The above picture, of some kind of brief platform birthday celebration, was captured at 9:30am on day 253 when it was still dark. It was taken from a bridge overlooking the icy platform of the train station in Tyumen, Siberia’s oldest town (founded in 1586). (The last time I was in this area I disembarked here and headed 250kms inland to the old Siberian capital of Tobolsk (& what a photographic treat that was)). Just seconds after this picture was captured I took a tumble on the icy steps of the bridge when returning to my train carriage. My camera (lens, actually) took quite the wallop, but no damage was done, seemingly.

European Russia - Golden Ring: Nizhny Novgorod & Vladimir
Both Nizhny Novgorod & Vladimir, my two ports of call after Tomsk & prior to arriving in the Russian capital of Moscow, are so-called Golden Ring towns as they are situated in Russia’s most historic region, the ancient birthplace of the mighty Russian state. In their heyday they were political, religious & commercial centres but over time their importance & influence was eclipsed by that of Moscow.

Nizhny Novgorod
After covering 3,215 kilometres over the course of 49+ hours I made it to Nizhny Novgorod, itself only some 7 hours shy of Moscow. This was my third stop in Russia and first in European Russia. Having boarded the train in Tomsk & disembarked over 2 days later Nizhny Novgorod the differences between Siberia, where I’d come from, and European Russia, when I’d arrived were stark – whereas Siberia was quiet, cold & picturesque, European Russia was busy, mild & dirty, as slush tends to be. It was in Nizhny Novgorod where I finally got a picture that I liked of Russia’s most quintessential sight – the onion dome.

Picture 198, Day 254 – Onion Domes. Nizhny Novgorod, Russia. November 14th 2012

The distinctive domes, shaped so as not to allow the accumulation of snow, look stunning against a blue sky, something I haven’t seen much of during this trip. One normally views these domes from below but I took this picture from a hill behind this particular church, giving me something of an unusual perspective. As for the church itself. I have 2 different guidebooks with me in Russia, a Lonely Planet & Bryn Thomas’ well-known Trans-Siberian HANDBOOK. This particular church didn’t even receive so much as a miserly map icon in either of them. Not to rib on the books of course because with so many it’s really not practical to list every church in a Russian town on a guidebook map.

Picture 199, Day 254 - New Fair Cathedral (Alexander Nevsky Cathedral) Nizhny Novgorod, Russia. November 14th 2012

Another picture from the inside of a church (one that seemed ok with photography), this showing the iconostasis inside the New Fair Cathedral/Alexander Nevsky Cathedral, a relatively common name – there are Alexander Nevsky Cathedrals in Tallinn, Estonia, & Sofia, Bulgaria, both of which I’ve visited – named after Russian saint Alexander Nevsky.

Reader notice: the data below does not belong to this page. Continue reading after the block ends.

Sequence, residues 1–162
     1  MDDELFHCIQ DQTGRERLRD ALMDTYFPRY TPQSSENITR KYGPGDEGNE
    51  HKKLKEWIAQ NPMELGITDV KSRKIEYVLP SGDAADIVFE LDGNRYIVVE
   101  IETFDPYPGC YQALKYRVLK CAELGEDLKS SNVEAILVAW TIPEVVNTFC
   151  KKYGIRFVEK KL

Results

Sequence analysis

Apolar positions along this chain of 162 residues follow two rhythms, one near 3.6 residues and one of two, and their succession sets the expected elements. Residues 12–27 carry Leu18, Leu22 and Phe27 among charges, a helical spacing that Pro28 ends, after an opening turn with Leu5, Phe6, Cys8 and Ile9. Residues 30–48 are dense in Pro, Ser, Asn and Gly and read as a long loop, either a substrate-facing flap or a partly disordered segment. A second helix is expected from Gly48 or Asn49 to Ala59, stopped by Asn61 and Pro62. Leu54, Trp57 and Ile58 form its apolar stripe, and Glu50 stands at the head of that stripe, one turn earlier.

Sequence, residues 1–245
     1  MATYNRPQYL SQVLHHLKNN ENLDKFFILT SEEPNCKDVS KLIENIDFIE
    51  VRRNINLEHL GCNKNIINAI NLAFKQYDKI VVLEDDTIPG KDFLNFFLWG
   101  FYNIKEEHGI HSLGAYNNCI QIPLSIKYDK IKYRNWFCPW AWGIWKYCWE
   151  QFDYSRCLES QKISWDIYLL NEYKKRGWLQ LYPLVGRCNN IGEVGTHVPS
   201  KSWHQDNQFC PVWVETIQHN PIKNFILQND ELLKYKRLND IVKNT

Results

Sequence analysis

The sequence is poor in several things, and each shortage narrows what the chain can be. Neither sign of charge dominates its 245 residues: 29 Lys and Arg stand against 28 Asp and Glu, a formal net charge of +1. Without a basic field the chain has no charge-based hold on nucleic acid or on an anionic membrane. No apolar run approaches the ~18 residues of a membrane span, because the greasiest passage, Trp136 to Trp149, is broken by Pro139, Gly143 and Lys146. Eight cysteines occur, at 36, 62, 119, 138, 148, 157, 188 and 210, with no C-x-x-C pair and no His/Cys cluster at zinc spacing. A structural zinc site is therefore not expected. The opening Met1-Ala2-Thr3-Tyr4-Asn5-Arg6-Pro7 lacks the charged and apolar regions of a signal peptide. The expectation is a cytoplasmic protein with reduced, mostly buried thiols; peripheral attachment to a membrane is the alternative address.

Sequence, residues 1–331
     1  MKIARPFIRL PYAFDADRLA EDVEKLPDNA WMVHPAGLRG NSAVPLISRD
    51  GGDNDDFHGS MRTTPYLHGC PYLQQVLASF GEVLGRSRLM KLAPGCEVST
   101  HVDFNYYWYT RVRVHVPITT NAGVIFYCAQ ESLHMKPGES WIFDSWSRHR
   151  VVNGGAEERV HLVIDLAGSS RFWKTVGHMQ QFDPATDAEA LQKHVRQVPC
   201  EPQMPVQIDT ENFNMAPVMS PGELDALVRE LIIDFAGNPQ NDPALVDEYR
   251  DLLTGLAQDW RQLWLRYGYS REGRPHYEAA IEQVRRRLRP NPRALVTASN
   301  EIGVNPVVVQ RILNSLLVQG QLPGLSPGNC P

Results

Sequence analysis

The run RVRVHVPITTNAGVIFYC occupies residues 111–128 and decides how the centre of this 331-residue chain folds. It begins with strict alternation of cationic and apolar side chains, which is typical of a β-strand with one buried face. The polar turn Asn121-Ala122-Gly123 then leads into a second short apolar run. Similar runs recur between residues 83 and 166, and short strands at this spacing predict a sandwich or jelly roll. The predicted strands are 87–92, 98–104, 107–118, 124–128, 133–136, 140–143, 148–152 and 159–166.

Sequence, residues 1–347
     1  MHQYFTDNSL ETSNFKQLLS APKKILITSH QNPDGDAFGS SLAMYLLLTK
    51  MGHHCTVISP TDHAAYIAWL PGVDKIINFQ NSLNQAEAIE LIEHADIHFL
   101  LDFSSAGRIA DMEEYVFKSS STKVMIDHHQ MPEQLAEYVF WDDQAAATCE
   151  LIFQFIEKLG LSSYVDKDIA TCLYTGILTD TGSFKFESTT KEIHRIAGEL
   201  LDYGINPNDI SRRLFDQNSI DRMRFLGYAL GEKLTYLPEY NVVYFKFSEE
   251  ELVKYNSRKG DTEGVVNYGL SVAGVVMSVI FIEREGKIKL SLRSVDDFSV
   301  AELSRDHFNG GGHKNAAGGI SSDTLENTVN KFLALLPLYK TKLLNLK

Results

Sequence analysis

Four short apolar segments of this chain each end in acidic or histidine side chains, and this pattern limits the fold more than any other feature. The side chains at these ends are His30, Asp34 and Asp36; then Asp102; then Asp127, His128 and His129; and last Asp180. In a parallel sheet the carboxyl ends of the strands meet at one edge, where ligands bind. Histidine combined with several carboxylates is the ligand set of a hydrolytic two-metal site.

Picture 200, Day 255 - Bolshaya Pokrovskaya Ul, Nizhny Novgorod, Russia. November 15th 2012

Russia: mysterious dark continent, remote, inaccessible to foreigners, inexplicable even to natives. That is the myth, encouraged by Russians themselves, who would prefer that no one discover who they really are and how they really live - Robert Kaiser, Russia: The People and the Power (1984)

Nizhny Novgorod, as one of the oldest cities in Russia, has some amazing churches and an ancient Kremlin, all showcasing its medieval roots. Its main pedestrian street, Bolshaya Pokrovskaya Ul, proved quite photogenic on this day.

Picture 201, Day 256 - Assumption Cathedral, Vladimir, Russia. November 16th 2012

My last stop before Moscow was Vladimir, 180km from the capital. An ancient capital of the country, its main attraction is this, the majestic, gleaming white, golden-domed Assumption Cathedral. A UNESCO listed building, it was begun in 1158 to announce Vladimir as the then capital of Russia & at the time it was the tallest building in Russia. Blue skies in Russia aren't exactly 10 a penny these days so when the clouds broke just before sunset on this day I raced down to cathedral in a bid to get this shot. Taken just after dusk, the lighting was nice, helped by the lights of the cathedral which were turned on just as I was setting up the shot. This is probably one of my favourite shot captured in Russia so far.

Week 38?
Next week will bring the 3-week Russia leg of the trip to an end with pictures from Russia’s two biggest and most influential cities, Moscow & St Petersburg. No more train or train-related pictures I’m afraid but I’m guessing there’ll be quite a few more architectural pictures. And not just churches either.

dMb Travel
You can keep right up to date with all aspects of my trip, including my present whereabouts, from-the-road updates, tweets & archived links to all previous RealPhotographersForum Mave on the Move entries by visiting the dedicated travel page of my photography blog, dMb Travel, a page I set up to specifically chronicle this trip. Also, if you're only interested in the Trans-Siberian leg of the tip then you can read a chronological recap of most of the journey here.

Until next time.

David M
Enjoyed it very much, David. Looking forward to your next post. I will visit your blog. Have a safe trip. :)
Another super entry David. I love the shot looking down on the passengers and the balloons as well as the view looking down the street. The few flakes of snow contrasting with the war memorial also adds a lovely touch of atmosphere to that shot I think. :)